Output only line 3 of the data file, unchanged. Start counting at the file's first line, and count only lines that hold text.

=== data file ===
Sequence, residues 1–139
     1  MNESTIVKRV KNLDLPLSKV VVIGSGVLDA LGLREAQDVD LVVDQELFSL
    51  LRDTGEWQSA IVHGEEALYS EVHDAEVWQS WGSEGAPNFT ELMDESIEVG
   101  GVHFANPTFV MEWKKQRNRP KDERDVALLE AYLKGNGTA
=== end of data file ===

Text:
    51  LRDTGEWQSA IVHGEEALYS EVHDAEVWQS WGSEGAPNFT ELMDESIEVG